scoliosis... aww I love this <3 thanks to all the people who helped me through my surgery!! @Philip Allen @Grace Nenneman








Siblings

Not a one of them was born to me. But all three of them are my kids. 

Wednesday, May 7, 2014

Game over



The final out had been called. The final post game speech had been given. The balls and bats had been stored away.

The opposing team had retrieved the gloves and hats they had thrown into the air in celebration, but were still hooting and hollering into the air.

But on the other side, the tears were still falling.

Inside the fence, the Destrehan Wildcats were taking their sweet time putting away their gear before they had to walk off the baseball field -- some for the last time. Some had a harder time than others, wishing for one more chance, one more at bat, one more inning, one more game.

Outside the fence, their parents and grandparents and aunts and uncles and cousins were waiting to hug, to kiss and to share their tears. Flashbacks to that first hectic t-ball game and the hundreds backyard pitch-and-catches overwhelmed some as they waited for their sons to come through the gate.

And off to the side, a small family hugged and consoled and shared tears with The Coach.



It was a tough loss, yes. But for him, this was it.  There will be no more next time. No more next year.

After 25 years of coaching high school baseball, my husband Marty Luquet, decided that this was to be his last season on the Destrehan baseball field. He had his reasons, some he has shared, some he has not. I know that he's not having as much fun as he was the day he started back in 1981 at a now-closed New Orleans high school. I know that he's not as happy as he was the day he got his first team after a 10-year hiatus to work in recreation. That day, he bounded into my house and shouted, "I got my first name back!"

"Coach."

And he can't move the way he used to.

So I guess it was time.

And what a 25 years it has been.


  • 447 wins, 251 losses
  • Two state runner-up finishes
  • Class 5A All-State Coach of the Year in 2002, 2003 and 2005
  • All-Metro New Orleans Coach of the Year in 2002 and 2010
  • All-River Parishes Coach of the Year in 2002, 2004 and 2010
  • 14 consecutive playoff appearances
  • A 33-1 finish in 2004, with a 30-game win streak and a No. 2 national ranking
And that's all fine and dandy.

But to him, his proudest moments have been off the field.  

The guy in the grocery store who shouts "Coach!" and leaves his basket unattended for 20 minutes after he runs across the store for a reunion.

The guys at the local minor league and college ballparks who come shake his hand.

The 30-plus former players who showed up at the first Saturday home game of the season to honor him and stand with him for the National Anthem one more time.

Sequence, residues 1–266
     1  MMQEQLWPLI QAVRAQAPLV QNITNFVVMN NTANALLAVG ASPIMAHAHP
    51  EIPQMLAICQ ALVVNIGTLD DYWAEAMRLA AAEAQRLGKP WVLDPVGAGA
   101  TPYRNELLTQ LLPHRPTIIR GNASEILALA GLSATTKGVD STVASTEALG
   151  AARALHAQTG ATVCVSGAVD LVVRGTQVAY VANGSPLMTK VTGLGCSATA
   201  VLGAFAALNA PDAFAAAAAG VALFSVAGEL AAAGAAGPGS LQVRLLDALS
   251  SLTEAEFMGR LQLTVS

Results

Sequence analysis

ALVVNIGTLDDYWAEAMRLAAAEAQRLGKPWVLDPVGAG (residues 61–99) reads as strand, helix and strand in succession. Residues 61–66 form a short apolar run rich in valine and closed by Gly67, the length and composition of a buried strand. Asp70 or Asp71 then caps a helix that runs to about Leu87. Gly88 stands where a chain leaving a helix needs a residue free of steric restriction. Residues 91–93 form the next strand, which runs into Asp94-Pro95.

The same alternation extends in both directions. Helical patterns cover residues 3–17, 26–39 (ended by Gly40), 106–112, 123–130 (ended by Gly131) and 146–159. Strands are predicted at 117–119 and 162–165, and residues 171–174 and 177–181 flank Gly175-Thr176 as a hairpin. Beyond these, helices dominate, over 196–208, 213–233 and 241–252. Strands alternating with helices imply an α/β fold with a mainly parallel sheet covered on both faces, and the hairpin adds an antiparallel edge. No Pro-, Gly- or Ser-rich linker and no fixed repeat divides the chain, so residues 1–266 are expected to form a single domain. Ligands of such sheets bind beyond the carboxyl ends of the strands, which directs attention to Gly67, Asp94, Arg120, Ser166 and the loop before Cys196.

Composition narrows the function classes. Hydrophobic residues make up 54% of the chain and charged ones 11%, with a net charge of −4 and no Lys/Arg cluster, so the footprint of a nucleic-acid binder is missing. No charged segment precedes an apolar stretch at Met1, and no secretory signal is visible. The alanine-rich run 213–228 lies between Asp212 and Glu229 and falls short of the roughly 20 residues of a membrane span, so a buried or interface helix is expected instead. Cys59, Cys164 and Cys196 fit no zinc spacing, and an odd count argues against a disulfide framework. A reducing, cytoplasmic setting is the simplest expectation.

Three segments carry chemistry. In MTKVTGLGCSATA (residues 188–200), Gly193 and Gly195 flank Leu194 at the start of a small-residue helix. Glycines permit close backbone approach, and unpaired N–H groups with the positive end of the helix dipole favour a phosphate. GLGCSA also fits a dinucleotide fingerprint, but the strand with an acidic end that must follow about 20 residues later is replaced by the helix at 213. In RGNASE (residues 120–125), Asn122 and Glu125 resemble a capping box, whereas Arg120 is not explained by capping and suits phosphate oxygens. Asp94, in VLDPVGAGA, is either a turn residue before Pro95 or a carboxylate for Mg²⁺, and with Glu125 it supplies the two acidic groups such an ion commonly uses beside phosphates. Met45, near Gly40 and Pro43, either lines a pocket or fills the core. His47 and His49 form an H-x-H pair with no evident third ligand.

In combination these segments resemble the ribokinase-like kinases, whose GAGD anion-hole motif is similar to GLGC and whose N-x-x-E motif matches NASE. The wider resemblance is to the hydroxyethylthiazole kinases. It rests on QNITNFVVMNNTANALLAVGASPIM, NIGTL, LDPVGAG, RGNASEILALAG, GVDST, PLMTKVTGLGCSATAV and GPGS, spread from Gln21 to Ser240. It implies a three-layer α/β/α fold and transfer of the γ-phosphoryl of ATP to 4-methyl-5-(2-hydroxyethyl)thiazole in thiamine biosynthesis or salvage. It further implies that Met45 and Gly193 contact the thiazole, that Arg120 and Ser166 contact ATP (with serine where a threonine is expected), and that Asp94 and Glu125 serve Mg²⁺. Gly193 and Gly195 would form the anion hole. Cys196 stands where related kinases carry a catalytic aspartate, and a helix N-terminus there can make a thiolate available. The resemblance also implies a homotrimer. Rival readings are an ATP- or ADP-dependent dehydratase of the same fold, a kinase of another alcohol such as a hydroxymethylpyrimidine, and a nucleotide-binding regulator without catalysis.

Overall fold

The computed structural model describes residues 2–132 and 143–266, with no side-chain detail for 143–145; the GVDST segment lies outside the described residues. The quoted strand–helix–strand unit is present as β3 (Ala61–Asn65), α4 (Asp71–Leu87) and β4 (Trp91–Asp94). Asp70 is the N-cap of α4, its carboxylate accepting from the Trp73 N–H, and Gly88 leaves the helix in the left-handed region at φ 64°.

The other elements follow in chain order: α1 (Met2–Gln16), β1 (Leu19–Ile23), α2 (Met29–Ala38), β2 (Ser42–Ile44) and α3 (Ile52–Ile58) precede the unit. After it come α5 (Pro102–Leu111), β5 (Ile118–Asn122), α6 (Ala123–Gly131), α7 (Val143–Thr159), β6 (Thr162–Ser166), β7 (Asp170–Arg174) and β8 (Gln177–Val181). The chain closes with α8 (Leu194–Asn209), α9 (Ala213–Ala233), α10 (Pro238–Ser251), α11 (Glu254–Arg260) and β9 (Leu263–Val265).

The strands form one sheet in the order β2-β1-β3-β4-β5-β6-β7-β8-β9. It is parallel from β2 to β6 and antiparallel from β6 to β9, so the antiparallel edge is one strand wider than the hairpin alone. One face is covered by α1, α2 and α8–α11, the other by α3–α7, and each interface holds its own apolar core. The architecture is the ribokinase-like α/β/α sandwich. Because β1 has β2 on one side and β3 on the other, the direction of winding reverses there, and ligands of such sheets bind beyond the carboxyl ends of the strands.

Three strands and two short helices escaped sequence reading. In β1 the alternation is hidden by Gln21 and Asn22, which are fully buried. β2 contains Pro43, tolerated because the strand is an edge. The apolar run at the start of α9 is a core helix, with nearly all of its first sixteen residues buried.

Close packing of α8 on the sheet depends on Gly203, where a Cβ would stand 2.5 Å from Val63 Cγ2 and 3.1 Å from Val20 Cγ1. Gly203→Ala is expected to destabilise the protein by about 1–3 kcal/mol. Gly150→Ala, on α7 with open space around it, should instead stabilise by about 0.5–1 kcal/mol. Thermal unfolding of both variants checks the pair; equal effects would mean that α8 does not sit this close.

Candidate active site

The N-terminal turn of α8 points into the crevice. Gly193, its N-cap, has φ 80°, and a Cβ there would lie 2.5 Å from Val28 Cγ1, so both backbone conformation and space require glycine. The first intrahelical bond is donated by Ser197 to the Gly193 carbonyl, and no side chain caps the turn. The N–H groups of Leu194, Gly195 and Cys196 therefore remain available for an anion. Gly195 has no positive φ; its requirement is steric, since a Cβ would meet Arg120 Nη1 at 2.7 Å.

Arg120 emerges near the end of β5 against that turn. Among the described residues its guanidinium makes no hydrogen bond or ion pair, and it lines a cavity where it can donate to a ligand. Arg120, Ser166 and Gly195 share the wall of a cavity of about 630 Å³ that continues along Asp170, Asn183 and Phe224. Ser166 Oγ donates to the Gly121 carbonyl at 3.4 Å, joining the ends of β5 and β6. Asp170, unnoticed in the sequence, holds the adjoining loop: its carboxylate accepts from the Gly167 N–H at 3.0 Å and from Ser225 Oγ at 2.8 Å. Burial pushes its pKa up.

The hundreds of texts, Facebook messages, tweets and emails he has received since announcing his decision, and the flood since losing his final game on Saturday.

The many compliments from the opposing teams on the way his team plays and acts and conducts itself at all times.

And this ...

As our family hugged and cried and did our best to console one another in that final moment, as the parents waited outside the fence, a young man dressed in the opposing team's yellow waited at third base. And he waited.

He waited a long time. 

Finally, the Luquets broke free from one another and The Coach. Still fighting tears, he spotted the boy and made his way over.

"Coach," he said. "I didn't know this was your last game. My coach just told us you were an icon in baseball. I just wanted to shake your hand."

And he did. And made The Coach cry some more.

Oh, who are we kidding? There will be more baseball games, both as a spectator and as a coach. He's not done with the third base box just yet. He's already signed up to coach an American Legion team that will combine his now-former team with his former arch-rival Hahnville. There's talk of an All-American League team to coach too. And he can't wait. 

I guess that Honey-Do list will have to, though.


Click here to read an outstanding tribute to The Coach












Tuesday, May 6, 2014

The crooked little tree


The tree we planted on the day Lora's adoption became final (it's a Japanese Magnolia) grew just as crooked as she did. It leans over to the side. 
So, yesterday, The Coach and I performed a little "surgery" on it.
We hope that now it will grow tall and straight.
Lora's surgery to correct her scoliosis is on June 24th.
She and I have talked about it, and we will be blogging about the experience.
We hope to help other moms and kids out there who are going into this as terrified as I am.